Since his debut film Pi in 1998, director Darren Aronofsky has cultivated a unique brand of esoteric cinema that implants itself into audiences’ brains and refuses to nudge, and that’s probably the best way to explain his latest film, mother! Similar to how his movies stick, mother! is a tale of refusal: the refusal to take no for an answer and the refusal to provide help to audiences’ along the way. A game cast quite literally gives the film their all but it’s hard to ignore the ugly treatment its leading lady receives, coupled with a story that – though open to multiple interpretations – never rises above a pretentious and scummy tale of male exploitation of women, both on and off-screen.
An unnamed woman (Jennifer Lawrence) lives in an idyllic country home with her husband (Javier Bardem). When the two are inundated with unexpected houseguests (Ed Harris and Michelle Pfeiffer), it threatens the younger couple’s relationship and the woman’s very life.
Hearing that Aronofsky wrote this script in five days makes sense because when it isn’t just following people ceaselessly clomping up and down stairs, it’s a wild, grotesque take on the Cat in the Hat with Jennifer Lawrence as the beleaguered children trying to stop Thing 1 and Thing 2 from ruining her kitchen. The audience is told little about the unnamed characters played by Lawrence and Bardem – called Mother and Him on IMDb. We know they’re married. He’s a poet with writer’s block and she spends her day renovating their house. It isn’t until the arrival of Harris and Pfeiffer’s equally unnamed characters, referred to as Man and Woman, that the faults in Mother and Him’s relationship are shown.
The arrival of Man and Woman is mother’s! saving grace. Harris’ arrival is met with joy by Him but understandable concern by Mother but once Man cross the threshold the film becomes the graphic equivalent of If You Give a Mouse a Cookie. Harris and Pfeiffer let loose and are given free rein to be mysterious, manipulative and frustrating. Harris’ Man is the level-headed one in the group, a sycophant for He. Pfeiffer has the juicer role if only because she commands ferocity in every frame. Pfeiffer’s masterful control of side-eye conjures up more terror than this film’s entire third act. The weird black comedy – never properly maintained throughout the entire movie – comes through best with Pfeiffer whose childishness “we said we were sorry” never fails to endear. It is Pfeiffer and Harris who introduce Mother to a soap opera as their disparate family members soon arrive, squabbling over wills and money, one of several threads the script wants you to believe it knows will be left unsatisfied.
The film’s gaping ambiguity in every frame leaves just as many people to argue there’s no method to Aronofsky’s madness as there are people who say there is. It’s evident Aronofsky thinks highly of himself and one of many interpretations to mother! is that the film is about the perceived struggles of loving a man who is just so awesome everyone falls in love with him. Though Aronofsky has said this interpretation isn’t true, he’s aware that people could see it as such. (He’s said the film is about Mother as Mother Earth being taken advantage of.) The various interpretations – ranging from this being a marriage allegory to a metaphor on the mistreatment of women or a Barton Fink-esque look at writing – are all easily sussed out and tend to give Aronofsky the rope to create something that never rises above a desire to mistreat his leading lady.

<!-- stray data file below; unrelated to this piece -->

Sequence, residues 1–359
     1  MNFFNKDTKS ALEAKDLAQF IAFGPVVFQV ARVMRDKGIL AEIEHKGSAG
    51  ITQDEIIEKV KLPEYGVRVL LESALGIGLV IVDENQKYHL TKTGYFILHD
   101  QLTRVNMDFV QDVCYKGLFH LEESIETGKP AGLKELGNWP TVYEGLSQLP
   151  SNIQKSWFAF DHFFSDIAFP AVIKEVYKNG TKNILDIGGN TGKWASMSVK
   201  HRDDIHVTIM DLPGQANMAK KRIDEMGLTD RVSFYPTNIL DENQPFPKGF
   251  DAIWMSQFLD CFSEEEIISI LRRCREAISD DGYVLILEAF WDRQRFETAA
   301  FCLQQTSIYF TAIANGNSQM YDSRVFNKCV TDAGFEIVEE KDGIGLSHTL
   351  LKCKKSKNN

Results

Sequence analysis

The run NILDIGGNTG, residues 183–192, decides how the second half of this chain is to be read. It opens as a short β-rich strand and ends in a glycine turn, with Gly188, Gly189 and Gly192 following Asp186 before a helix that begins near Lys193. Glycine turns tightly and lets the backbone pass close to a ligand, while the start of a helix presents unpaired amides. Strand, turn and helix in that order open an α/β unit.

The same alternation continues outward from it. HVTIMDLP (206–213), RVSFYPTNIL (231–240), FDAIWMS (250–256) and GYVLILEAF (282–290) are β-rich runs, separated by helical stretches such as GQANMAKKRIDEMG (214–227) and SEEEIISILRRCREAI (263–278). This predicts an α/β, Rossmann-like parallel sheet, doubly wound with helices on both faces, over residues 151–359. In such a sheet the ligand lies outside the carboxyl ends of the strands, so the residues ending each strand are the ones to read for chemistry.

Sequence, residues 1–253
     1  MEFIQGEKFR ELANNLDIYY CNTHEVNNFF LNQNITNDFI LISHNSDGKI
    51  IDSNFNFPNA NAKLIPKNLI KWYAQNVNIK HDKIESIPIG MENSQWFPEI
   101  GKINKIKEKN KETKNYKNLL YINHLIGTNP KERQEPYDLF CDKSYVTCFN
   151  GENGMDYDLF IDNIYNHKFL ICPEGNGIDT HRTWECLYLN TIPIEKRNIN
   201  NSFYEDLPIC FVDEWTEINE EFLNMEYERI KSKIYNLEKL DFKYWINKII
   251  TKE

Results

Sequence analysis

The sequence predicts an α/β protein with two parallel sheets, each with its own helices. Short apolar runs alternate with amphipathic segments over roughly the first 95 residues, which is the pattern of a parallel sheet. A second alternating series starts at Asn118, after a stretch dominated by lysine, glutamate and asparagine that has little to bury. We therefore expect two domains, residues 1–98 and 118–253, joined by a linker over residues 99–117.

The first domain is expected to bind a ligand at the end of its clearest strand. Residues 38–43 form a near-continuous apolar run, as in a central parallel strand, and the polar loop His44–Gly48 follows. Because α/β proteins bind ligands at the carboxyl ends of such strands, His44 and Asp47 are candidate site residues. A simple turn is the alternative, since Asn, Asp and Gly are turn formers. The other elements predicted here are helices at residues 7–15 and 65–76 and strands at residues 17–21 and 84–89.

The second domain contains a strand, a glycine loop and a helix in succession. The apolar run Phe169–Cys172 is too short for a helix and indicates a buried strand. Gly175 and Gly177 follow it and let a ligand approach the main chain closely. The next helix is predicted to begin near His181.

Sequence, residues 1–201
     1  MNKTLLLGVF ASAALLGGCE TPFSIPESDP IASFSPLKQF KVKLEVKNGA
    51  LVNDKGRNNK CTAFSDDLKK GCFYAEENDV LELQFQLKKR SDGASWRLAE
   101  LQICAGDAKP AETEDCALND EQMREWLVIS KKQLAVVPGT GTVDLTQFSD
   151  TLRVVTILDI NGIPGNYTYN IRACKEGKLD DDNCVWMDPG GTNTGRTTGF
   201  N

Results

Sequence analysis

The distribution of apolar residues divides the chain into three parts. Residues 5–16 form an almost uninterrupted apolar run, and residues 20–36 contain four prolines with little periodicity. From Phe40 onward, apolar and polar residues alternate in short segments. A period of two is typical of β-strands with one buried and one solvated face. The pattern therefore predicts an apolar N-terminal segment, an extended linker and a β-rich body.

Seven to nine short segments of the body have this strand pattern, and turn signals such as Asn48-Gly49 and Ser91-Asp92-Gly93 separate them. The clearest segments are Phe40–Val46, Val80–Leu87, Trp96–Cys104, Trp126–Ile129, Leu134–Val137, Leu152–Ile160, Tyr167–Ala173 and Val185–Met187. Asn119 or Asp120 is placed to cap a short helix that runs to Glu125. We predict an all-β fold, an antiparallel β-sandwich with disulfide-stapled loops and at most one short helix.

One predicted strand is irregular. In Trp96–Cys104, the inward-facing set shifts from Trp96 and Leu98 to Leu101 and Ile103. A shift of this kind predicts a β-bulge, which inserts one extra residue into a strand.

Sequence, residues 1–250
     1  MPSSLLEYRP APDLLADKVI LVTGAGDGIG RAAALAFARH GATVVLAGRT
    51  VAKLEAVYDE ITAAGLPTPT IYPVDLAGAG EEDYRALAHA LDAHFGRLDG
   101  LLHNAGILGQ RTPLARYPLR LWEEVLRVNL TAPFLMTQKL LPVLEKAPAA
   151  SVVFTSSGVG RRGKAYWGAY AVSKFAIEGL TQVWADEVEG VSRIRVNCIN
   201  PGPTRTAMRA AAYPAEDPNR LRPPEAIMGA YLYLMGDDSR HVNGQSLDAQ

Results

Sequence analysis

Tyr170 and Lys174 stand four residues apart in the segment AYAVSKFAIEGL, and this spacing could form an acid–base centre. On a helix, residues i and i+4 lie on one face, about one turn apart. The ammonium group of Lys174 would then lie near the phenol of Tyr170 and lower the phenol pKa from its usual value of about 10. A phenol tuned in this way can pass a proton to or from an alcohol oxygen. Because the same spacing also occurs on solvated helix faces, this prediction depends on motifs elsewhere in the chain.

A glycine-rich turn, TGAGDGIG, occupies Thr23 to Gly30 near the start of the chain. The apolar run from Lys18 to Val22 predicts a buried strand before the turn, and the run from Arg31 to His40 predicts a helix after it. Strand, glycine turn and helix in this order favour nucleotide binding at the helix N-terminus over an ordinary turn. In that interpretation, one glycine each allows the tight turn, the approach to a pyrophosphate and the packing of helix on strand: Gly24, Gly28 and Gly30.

To her credit Jennifer Lawrence does her utmost to inject Mother with something more than being a feminine prop for male usage, though the script enjoys falling back on that. She’s meek and mild, an eager to please wife willing to go any lengths for her husband. Her and Bardem’s chemistry is strained, and it doesn’t help that the film brings up their age difference – “She’s your wife? Thought she was your daughter.” – as a source of humor rather than criticizing the need for it. Predominately filmed in medium or close-up, the camera is in love with Lawrence, enhancing her role as the embodiment of all that’s good in the world. Characters reiterate that “she’s not just a pretty face” and that’d be true, but it often falls back on that to sexualize her. Case in point, a completely unnecessary introduction to her character in a see-through nightgown, breasts all but exposed.
Lawrence does convey the character’s increasing frustration and anxiety with the apocalypse that swirls around her. During a violent party she’s the mother, picking up after everyone and reminding them to get off the table. She’s chronically apologizing. Again, Aronofsky’s intentions are easily inferred, but it becomes far too pointed, dressing Lawrence as a Greek goddess and turning into the mother invention. The third act puts her through the gamut and almost takes a gleeful joy in her suffering, culminating with an atrocious beating captured in blistering close-up. Are we watching an actress act or receiving an excuse for the director to demean her? As with much of the movie, interpretations are varied.
This ends up leaving Javier Bardem with little to do but be the unsympathetic jerk who doesn’t deserve any of his success. But this also leaves him feeling superfluous. The male component necessary by which the plot runs. Domhnall Gleeson is also wasted in two scenes, disappearing as quickly as he arrived.
mother! is easily one of the most unenjoyable experiences of the year. The film’s pretension becomes cumbersome and reliant on the audience buying into its “ambiguity.” The plot is meaningless, Lawrence – though great – is tormented for perceived enjoyment, and the overall impact of the film feels like we should be kicking Aronofsky in the balls rather than praising him.